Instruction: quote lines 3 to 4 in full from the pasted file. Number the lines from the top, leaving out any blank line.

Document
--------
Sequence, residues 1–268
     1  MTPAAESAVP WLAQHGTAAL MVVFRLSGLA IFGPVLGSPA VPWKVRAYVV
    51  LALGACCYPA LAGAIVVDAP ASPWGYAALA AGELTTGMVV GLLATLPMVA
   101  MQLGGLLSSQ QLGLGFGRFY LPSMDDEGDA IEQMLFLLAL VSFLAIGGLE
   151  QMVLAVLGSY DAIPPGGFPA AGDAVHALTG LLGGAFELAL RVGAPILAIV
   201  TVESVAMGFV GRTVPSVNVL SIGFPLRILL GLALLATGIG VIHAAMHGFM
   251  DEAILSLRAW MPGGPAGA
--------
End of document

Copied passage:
    51  LALGACCYPA LAGAIVVDAP ASPWGYAALA AGELTTGMVV GLLATLPMVA
   101  MQLGGLLSSQ QLGLGFGRFY LPSMDDEGDA IEQMLFLLAL VSFLAIGGLE